Let’s face it, Information Technology is all about disassembling information and interpreting it into real world solutions and sometimes problems. It is a job in which you are constantly evolving your knowledge and problem solving is your number one asset, well, that and support contracts.
This week I learned a valuable lesson, LTO tapes are only good for 50 uses and that’s best case scenario and in optimal conditions. They also should be stored on their side, not laying flat, and should not be transported in a backpack, hand bag, purse, or European carry all, vibrations damage these things. A bad tape will break your LTO5 drive. In the last 2 weeks both my Tape Library drives died due to bad tapes. When I tried to look for some detailed information about the life expectancy of an LTO tape I found some arbitrary metrics about how many times a tape can be loaded but that’s about it. Speaking to the Dell representative he shone some light on this matter and I was able to get some concrete information as per above. He also told me that I can open up the drive and remove the bad tape without voiding my warranty. I liked that it meant I get to tinker with a new piece of hardware . Brought me back to my youth when my brother handed me his broken walkman, “If you can fix it, it’s yours”. At 9 years old armed with a screw driver and determination I tinkered with that thing for hours. I had to remember where each screw went and what part it belonged to. I never fixed that walkman, but I did identify the problem. I got a lot of joy from taking electronics apart at a young age, even the ones that weren’t broken.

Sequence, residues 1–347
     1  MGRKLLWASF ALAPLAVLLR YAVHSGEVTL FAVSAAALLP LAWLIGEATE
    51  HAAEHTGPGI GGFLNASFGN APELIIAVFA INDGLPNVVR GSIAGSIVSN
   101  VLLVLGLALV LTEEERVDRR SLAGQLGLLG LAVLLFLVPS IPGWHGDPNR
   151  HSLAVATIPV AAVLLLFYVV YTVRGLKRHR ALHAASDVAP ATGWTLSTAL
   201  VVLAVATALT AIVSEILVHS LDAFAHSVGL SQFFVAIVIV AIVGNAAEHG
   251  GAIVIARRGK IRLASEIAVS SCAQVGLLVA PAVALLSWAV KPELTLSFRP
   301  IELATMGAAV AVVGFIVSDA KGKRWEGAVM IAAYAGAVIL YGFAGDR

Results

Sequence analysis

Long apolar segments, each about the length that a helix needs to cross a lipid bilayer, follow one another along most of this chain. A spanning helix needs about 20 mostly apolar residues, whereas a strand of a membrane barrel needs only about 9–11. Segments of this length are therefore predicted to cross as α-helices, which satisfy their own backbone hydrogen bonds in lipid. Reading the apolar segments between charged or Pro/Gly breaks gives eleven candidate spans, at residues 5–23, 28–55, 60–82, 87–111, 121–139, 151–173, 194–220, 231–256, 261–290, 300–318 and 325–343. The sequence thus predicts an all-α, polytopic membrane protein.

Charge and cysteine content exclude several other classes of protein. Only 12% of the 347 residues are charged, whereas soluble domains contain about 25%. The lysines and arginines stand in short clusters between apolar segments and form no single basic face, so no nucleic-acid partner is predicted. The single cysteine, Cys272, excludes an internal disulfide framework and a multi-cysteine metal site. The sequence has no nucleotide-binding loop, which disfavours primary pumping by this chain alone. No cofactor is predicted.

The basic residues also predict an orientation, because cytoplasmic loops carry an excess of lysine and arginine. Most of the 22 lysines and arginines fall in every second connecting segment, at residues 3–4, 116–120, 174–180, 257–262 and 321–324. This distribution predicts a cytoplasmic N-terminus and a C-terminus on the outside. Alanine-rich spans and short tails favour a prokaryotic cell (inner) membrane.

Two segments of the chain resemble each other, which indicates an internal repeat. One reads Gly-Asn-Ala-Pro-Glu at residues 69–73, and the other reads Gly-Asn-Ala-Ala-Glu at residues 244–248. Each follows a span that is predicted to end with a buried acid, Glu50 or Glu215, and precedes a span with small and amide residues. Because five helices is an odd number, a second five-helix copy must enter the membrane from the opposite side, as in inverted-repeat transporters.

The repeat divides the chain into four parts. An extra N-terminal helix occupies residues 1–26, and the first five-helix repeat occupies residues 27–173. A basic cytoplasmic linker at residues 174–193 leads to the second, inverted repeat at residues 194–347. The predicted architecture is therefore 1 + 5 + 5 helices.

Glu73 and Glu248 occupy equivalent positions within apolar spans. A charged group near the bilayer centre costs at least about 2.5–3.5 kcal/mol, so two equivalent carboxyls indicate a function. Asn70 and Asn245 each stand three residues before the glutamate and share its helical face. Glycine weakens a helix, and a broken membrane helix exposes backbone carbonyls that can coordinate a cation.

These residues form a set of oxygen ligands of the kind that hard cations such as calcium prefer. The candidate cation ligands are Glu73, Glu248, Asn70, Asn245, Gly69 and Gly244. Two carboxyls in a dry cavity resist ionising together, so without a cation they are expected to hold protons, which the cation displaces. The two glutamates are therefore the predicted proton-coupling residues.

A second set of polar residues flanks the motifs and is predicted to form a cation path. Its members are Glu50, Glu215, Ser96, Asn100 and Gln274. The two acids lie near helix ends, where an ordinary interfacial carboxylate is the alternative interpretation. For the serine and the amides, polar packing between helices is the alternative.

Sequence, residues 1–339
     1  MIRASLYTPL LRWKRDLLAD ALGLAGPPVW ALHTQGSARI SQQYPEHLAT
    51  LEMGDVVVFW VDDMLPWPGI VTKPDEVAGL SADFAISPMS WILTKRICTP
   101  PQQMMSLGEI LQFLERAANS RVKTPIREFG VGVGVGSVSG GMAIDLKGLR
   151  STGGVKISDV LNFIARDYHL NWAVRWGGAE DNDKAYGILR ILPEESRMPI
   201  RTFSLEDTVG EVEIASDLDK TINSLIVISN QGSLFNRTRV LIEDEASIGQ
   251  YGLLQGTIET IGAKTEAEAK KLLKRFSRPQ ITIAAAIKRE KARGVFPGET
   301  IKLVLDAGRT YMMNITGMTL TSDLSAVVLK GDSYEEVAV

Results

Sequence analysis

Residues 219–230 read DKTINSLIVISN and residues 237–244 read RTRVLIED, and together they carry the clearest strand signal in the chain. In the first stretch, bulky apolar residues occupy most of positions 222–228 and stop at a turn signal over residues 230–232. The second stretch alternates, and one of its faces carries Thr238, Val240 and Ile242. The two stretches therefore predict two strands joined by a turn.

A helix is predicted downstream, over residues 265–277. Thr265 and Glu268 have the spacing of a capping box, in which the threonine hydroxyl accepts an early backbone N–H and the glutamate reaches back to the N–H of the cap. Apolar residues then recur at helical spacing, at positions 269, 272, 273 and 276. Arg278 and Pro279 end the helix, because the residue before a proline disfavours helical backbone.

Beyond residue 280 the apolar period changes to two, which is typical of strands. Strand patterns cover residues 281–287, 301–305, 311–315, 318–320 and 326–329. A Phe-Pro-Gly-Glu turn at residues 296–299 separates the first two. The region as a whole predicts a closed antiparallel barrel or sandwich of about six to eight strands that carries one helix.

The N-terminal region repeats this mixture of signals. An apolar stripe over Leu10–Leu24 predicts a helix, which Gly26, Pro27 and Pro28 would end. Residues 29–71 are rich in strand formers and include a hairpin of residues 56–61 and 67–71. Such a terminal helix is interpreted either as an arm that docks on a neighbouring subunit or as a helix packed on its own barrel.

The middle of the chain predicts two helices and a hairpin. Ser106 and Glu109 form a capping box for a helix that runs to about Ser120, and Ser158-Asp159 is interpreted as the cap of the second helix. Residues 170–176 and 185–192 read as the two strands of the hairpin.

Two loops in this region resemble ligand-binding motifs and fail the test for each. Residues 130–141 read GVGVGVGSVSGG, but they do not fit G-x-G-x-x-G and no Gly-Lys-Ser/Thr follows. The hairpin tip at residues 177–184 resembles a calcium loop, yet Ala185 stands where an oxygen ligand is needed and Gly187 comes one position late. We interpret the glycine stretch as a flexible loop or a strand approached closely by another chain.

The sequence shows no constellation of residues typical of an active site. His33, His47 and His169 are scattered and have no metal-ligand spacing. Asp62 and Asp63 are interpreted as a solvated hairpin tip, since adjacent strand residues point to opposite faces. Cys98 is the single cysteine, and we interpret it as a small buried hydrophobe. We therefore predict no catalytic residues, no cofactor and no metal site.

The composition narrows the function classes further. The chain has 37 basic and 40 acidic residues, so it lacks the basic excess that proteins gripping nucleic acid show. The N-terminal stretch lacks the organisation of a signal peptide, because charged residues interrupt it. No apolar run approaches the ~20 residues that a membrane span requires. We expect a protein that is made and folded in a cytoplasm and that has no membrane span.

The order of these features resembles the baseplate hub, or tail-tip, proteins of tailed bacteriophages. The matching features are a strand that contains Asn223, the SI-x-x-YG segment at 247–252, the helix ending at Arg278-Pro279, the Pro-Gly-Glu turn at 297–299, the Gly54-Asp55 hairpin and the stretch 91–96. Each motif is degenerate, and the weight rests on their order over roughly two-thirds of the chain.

Here is what the LTO5 Half Height tape drive looks like from the inside.
Either way the whole ordeal wasn’t a very pleasant experience. Two weeks without any backups is quite stressful. During this time I really wanted to drive the tape library out to the field and go office space on its ass. I joke about it now but it’s funny how when things break it’s never anything simple. #itguyproblems